NO, I did not take Kodaks, and the cars are LONG gone, this was before I owned a digital camera. I have V12 Kodaks, but of NO use to 6 cyl application.

I always used the same belt, and adjuster, no changes at all.
 

Last edited by Grant Francis; 01-30-2012 at 07:15 AM.
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Old 01-30-2012, 09:15 AM
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Thanks for the info. Unfortunately this sounds like it's out of the realm of possibilities because I can't fabricate my own brackets.

Suppose I do want to keep the big old black horse Harrison A6 compressor. If I do convert it to r134a what sort of problems will I run into? You said it isn't reliable--do you mean that it starts to leak or something? I would have no problem with having to recharge it once a month or so in the summer as it is not going to be driven that often.
 
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Old 01-31-2012, 01:17 AM
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Again, not sure of things up there.

Down here we no longer have R12.

Most a/c mobs will not gas these old compressors, due to leakage and license issues with the legal types.

I once fitted a R134a spec "black beast" compressor to my V12, looooooong ago, and retroed the system. Lasted about a year and siezed, and exploded the clutch, which I then found this was a fairly common issue due to the R134a pressures.

My only suggestion would be to go and talk to a few a/c operators, and make the decision based on their advice. These compressors are dinosaurs in anyones language.
 
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Old 01-31-2012, 08:43 AM
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I guess what I'm taking away from this is that I will need a new aftermarket compressor for sure. I think I will talk with someone from a local Jaguar shop and maybe they can give me some ideas or help me fabricate the brackets if they have done it in the past.
 
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Old 02-01-2012, 10:14 PM
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Default 134a in 1986 xj6

I'm in south Florida so A/C is a must. When I got my 86 XJ6 I had know Idea what was in it but it didn't have enough of it to blow cold. All I did was hook up my cheap Harbor Freight manifold gauges and let out the what was there into a bottle. An open bottle won't recover the refrigerant but it keeps the oil mist off the floor. Then I used a $10 air vacuum pump and put the system under a vacuum. After that I filled it up with 134a and oil and have been driving like that for 2 years now. The air is very cold even on hot summer days. The only problem I have is it won't start with the air on but I don't think that has anything to do with the a/c because it also will stall sometimes with the power steering. That is why I'm here looking for a solution to my stalling at idle problem.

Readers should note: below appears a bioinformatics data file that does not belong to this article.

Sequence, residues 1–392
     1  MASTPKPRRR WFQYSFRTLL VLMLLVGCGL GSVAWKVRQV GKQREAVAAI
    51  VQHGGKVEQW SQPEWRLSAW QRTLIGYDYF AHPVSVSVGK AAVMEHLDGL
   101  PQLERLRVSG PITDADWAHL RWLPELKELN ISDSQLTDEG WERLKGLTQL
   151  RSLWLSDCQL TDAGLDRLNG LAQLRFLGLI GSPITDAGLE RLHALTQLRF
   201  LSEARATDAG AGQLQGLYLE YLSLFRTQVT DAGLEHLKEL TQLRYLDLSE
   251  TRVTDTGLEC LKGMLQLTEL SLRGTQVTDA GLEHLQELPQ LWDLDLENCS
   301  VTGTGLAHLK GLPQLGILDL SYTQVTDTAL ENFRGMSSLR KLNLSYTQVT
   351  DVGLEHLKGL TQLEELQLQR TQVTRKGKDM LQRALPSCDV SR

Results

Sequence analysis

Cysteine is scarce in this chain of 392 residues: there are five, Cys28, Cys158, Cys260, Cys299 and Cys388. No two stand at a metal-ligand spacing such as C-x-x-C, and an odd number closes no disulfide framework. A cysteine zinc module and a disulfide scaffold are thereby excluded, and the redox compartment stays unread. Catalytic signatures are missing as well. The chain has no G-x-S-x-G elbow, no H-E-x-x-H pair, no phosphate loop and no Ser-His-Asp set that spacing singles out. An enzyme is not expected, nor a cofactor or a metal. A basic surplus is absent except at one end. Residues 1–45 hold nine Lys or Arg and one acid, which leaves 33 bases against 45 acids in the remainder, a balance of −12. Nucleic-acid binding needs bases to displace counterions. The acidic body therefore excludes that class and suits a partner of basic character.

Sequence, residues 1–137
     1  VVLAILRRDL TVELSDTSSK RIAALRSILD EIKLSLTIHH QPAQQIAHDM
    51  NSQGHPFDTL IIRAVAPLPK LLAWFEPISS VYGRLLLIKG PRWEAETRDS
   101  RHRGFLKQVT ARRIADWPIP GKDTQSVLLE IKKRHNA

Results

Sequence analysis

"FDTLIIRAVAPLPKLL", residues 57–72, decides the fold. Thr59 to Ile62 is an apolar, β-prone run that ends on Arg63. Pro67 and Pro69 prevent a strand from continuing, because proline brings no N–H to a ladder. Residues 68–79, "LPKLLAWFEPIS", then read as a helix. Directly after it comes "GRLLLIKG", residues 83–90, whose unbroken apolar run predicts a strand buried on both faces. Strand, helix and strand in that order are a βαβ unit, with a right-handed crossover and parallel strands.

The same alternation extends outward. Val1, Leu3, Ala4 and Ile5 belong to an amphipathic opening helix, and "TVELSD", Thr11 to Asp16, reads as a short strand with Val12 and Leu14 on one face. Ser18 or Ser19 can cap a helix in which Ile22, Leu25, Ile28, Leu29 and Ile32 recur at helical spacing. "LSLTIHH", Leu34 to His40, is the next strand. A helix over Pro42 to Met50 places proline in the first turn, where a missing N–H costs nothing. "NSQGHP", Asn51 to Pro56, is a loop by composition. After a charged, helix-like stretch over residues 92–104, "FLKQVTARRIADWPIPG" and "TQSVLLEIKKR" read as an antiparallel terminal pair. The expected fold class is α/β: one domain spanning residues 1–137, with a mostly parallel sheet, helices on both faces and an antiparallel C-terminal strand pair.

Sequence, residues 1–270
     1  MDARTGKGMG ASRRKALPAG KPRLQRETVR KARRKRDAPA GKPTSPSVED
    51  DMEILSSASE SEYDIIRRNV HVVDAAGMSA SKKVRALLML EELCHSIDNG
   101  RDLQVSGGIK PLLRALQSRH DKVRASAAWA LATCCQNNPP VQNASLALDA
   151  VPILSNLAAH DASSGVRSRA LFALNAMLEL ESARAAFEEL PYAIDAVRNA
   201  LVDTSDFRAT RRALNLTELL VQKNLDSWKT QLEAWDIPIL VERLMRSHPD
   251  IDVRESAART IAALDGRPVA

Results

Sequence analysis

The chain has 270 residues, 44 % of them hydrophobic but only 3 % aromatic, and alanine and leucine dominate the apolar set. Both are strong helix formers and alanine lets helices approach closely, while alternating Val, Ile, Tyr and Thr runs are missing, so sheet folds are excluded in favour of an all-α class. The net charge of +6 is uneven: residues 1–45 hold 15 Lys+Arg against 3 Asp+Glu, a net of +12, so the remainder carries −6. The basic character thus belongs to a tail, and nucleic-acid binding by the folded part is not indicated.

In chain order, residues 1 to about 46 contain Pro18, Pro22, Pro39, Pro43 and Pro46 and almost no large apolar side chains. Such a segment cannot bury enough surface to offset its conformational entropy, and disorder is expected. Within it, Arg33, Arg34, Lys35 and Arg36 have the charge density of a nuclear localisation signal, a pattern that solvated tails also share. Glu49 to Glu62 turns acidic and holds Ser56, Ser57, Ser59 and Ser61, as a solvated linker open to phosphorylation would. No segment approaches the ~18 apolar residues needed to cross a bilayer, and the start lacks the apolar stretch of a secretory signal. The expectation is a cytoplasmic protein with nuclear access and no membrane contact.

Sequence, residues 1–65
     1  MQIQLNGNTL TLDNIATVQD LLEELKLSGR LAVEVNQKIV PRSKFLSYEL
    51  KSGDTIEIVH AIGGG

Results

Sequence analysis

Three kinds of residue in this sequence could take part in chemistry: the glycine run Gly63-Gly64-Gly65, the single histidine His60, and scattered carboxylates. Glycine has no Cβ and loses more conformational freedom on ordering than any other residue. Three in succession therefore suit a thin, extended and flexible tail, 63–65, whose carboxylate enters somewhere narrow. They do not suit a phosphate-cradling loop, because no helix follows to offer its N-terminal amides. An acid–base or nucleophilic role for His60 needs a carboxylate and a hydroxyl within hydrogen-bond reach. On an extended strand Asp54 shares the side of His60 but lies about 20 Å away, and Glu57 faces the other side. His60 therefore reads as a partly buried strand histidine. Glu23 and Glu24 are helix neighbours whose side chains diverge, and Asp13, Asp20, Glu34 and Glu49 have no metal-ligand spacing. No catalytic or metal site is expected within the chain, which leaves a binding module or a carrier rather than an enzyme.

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Old 02-01-2012, 10:56 PM
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Thanks. Could you explain in a little bit more detail what the manifold gauges are, and where you hooked them up? How do I let out the refrigerant into a bottle? Also what sort of air vacuum pump are you using?

Thanks so much for your help!
 
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Old 02-02-2012, 12:59 PM
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Vacuum Pump with R134A and R12 Connectors

Is this the sort of vacuum pump you are talking about?
 
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Old 02-02-2012, 01:30 PM
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Alan,
Take a look at this thread by Joycesjag https://www.jaguarforums.com/forum/s...ics-faq-55219/ you can see all the bits and pieces. It's a different car but the same procedure.
You can rent the vacuum pumps from Autozone.
 
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Old 02-02-2012, 04:02 PM
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Thanks. I guess the first thing I need to do is establish whether or not the AC has been converted to r134a. Then I can determine from there what needs to be done. If it has been converted, can't I just keep putting r134a in (assuming it leaks out after a while)?
 
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Old 02-02-2012, 07:20 PM
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Hello Alan,
May I jump in here? been doing a lot of retro on jags over the last tweny years here,
I love that old A6 but most people dont it seems. it does take a few horses to drive it and it can be a leaky old thing but fits in nice with a Jag if you ask me. As far as the 134 question goes, the fitting are much larger as somebody has mentioned so if it doesnt look like your tire valve it is 134.